Thursday, July 24, 2008

Patty Schneier @ St. Andrew's

The Butler Humanae Vitae Ministry held a conversion speaker event this past weekend at my parish St. Andrew's in Center Township Butler County. I spent the weekend as the events techie taking care of wiring, mics and the sound systems. The event was fantastic, Patty wound up giving two separate but related talks to the group. The first was her conversion testimony about learning about John Paul II's Theology of the Body and of Humanae Vitae. It was a great talk about the changes to her life, her marrige and her family.

Following Dinner Patty gave a second talk that was being recorded that is in a way best called "Six Years Later". It covers what has happened since the original conversion, and how it has continued to effect her family. Unfortunatly due to the mic not being properly powered we weren't able to get a suitable recording for her, but we all figured that it was for a reason. I personally think Patty will refine the talk even further and make it even more powerful.

All in all the event was fantastic. We had about 105 for mass, and around 120 for the first talk. The NFP promoters dinner had over 50 people including kids, and we had about 40 people return to hear to the second talk. Many thanks to Fr. Salgerg, Patty Schneier, and the BHV team for a great event.

Choosing a Track Plan

So as I said in a previous post while thinking about how to best get my own trains running again I decided to store away my bendtrack modules and put something new together. I started with my old Model Train bookmarks to look for ideas.

I like what Dave Vollmer has done with his door layout, but I wasn't looking for anything quite that size yet. I also liked the "N-Scale layout that grows" book from Model railroader but with all the switches in it the cost was a bit more than I wanted to spend right now. In going thorugh my bookmarks I found a stray one in IE (which was surprising since I rarely use it) for Mini N Scale Track Plans and I found that I really liked a few of these super tiny layouts. So I'm sort of settled on one of the 2'x3' layouts from that site. In thinking about things I've come up with the idea that i will do a small Pennsy themed branch line that services a small community station, and one of the larger industries in town.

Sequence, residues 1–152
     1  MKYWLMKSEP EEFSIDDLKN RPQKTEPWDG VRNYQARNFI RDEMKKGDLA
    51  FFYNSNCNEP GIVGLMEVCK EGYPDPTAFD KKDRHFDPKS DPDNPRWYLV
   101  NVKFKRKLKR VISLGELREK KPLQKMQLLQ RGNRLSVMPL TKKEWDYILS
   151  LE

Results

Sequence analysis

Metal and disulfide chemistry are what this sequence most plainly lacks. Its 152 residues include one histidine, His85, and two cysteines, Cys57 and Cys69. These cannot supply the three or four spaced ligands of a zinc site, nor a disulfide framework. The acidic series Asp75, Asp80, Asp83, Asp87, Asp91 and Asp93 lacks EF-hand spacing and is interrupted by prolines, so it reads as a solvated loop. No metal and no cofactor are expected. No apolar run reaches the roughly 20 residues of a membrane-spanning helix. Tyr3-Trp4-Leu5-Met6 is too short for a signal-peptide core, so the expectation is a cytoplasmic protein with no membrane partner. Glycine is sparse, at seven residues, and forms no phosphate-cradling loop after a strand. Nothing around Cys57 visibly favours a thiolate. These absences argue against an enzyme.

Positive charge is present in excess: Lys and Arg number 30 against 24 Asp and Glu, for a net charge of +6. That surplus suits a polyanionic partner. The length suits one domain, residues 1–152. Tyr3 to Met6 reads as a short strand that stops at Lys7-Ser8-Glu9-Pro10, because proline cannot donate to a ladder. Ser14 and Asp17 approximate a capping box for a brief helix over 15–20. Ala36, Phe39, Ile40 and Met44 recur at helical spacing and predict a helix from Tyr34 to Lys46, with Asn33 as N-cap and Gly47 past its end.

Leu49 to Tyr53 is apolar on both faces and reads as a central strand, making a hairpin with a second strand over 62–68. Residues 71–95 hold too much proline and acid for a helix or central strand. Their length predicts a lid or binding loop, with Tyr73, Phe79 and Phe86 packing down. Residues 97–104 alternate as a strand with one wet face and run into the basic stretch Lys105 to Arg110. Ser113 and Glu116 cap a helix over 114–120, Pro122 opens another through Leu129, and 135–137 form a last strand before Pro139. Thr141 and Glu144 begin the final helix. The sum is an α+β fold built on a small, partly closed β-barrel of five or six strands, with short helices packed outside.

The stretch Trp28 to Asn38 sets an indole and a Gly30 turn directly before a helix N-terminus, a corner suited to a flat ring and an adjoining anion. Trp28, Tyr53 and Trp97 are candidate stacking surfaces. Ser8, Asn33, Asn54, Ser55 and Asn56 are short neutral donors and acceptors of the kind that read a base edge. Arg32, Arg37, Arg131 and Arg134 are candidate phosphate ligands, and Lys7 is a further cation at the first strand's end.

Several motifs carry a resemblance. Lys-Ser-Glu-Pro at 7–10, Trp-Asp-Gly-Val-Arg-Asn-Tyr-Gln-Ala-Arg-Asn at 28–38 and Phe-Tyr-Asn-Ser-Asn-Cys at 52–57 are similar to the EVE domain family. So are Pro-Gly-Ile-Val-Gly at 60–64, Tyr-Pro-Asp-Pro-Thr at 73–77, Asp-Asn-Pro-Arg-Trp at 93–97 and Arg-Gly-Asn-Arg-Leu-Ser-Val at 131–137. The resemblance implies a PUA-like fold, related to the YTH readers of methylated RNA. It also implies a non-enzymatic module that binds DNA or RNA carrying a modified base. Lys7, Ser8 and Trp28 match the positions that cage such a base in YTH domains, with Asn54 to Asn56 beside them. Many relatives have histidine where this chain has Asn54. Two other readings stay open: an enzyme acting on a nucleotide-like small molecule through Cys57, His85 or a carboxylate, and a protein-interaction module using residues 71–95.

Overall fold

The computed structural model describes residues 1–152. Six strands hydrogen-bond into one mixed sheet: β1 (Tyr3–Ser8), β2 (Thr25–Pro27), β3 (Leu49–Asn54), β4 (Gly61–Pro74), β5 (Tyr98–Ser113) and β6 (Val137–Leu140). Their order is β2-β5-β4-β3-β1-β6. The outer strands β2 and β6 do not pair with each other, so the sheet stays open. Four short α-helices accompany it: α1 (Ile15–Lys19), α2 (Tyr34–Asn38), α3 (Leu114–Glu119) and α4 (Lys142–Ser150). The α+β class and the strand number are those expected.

So that's where I'm at. I've chosen the layout, the prototype railroad, and some basic structures for it. Now I need to determine what the name and type of industry will be that is serviced by this branch line and I need to keep moving on finishing my structures and sub roadbed. I will put up some pictured of the new layout once download the ones on my camera.

A New Model RR Project

Well the modular layout I'm working on for the WPMRM is coming along great. I missed this past week but I understand our team finished laying the track on the outer loop that we started the previous week and even got a train running on the outer loop.

Even with all that going on I've been wanting to see my own trains run on something other than a loop of ez-track. Not that I have anything against my ex-track it's just that I'm finding I want more than to just have a few cars go around in a circle. So the seed was planted and I began thinking about my own layout. I've opted to scrap the work I've done so far on my bendtrack modules as the track work is just too poorly done and without other bendtrackers in the area I don't have a great incentive to make modules any longer. So I started looking at other peoples small track plans.

While looking those over and before I decided any specifics I knew that I wanted a Pennsy style Interlocking tower. I picked up a small (cheap) Atlas kit just called "Signal Tower" from my local hobby shop and decided to dig in. I used pictures of ALTO and AR towers as my primary guidance. Here are some pictures showing it off.

This is a picture (courtesy of Walthers) of what the raw kit looks like. It's a "molded in color" kit that snaps together.

Here is what mine came out looking like after several nights of work. I wanted it to be heavily weathered as if it had been standing in a remote location for quite some time.

And of course the obligatory scale picture next to a quarter. This little bugger is SMALL. I was actually quite unprepared for just how small and delicate some of the parts were.

All said and done I think I spent about a week working on this almost every night for at least an hour. Which I considered to be a pretty quick build actually. It was for the most part easy to assemble, and not very difficult to weather. I'm just very happy that it came out looking this good. It doesn't look like plastic which is a huge bonus to me.